Kyle Cobban has said that the sensibility of his surreal drawings are rooted in his career as an instructor, observing students exploring their own stories. Recent work, in particular, seems to be examining the relationship between his subjects and the concept of “home.” His drawings on Priority Mail envelopes further underscore this concept.
Stephanie H. Shih’s ceramic sculptures reflect on her upbringing as a first-generation Asian-American through “the lens of the Asian-American pantry.” The output ranges from hundreds and hundreds of porcelain dumplings to certain imported sauces and oils. With her work, she’s also raised funds for communities across the U.S., from displaces indigenous tribes to hurricane victims.
Amy Crehore brings her joyful paintings to La Luz de Jesus Gallery with the aptly named “Bathers, Buskers & Cats.” The show, running through Dec. 1 at the Los Angeles space, offers a set of oil on linen works that move through time, cultures, and touches of surrealism, all while staying true to that title.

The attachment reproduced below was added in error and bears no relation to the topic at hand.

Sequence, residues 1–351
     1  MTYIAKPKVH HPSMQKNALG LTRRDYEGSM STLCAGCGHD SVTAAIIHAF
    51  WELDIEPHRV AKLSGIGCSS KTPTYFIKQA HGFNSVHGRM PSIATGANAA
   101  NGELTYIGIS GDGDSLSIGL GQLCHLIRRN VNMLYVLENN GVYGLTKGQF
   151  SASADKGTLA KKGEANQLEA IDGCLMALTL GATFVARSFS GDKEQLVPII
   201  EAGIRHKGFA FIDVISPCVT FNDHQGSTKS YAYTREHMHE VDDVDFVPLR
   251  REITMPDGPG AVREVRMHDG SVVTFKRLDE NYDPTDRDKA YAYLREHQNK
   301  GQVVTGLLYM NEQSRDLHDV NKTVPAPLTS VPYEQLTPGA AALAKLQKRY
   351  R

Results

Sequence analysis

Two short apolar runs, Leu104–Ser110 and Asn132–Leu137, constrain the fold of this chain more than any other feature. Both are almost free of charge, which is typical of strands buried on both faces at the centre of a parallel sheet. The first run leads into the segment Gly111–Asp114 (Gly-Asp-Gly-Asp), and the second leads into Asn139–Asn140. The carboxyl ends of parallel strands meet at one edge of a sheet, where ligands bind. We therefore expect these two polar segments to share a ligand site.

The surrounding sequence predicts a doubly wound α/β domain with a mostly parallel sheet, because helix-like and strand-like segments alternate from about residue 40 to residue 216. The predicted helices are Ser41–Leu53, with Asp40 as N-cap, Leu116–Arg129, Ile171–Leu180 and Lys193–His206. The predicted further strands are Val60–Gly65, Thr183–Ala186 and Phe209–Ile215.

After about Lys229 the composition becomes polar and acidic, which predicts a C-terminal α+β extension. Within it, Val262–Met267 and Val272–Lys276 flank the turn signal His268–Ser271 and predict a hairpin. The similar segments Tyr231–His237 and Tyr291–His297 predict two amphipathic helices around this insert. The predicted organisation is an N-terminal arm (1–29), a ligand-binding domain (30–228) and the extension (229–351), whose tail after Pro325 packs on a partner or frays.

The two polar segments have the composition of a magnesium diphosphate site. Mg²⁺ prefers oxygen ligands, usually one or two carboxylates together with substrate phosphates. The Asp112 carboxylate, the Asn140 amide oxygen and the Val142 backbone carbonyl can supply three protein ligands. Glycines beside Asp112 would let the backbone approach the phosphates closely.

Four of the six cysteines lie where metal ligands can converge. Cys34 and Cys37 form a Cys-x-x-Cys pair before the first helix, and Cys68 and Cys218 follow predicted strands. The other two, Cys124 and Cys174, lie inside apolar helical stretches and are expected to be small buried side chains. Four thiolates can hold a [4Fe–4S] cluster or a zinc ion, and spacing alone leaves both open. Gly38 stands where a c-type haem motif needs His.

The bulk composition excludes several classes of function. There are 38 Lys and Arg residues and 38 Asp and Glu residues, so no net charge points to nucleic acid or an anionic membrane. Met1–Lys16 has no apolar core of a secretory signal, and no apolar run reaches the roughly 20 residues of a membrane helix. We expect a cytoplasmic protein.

Murielle Belin’s dark-surrealist polyptychs are striking blends of oil painting, sculpture, woodworking, and other disciplines. “Calendrier Perpetual,” in particular, shows the artist’s abilities in taxidermy and building, with different corners of the piece offering surprises.
In his depictions of the everyday, Arcmanoro Niles recalls traditional figurative painting while subverting in his choice of hues and glitter—and also introducing strange characters into the scenes dubbed “seekers.” These characters offer new insight and disruption to the people he pulls from his own life.
Chicago-based artist Joey D. has garnered a reputation for his pop-surrealist murals and animations. His work recalls, in some cases, ’90s-era animation and the iconography of the Chicago area.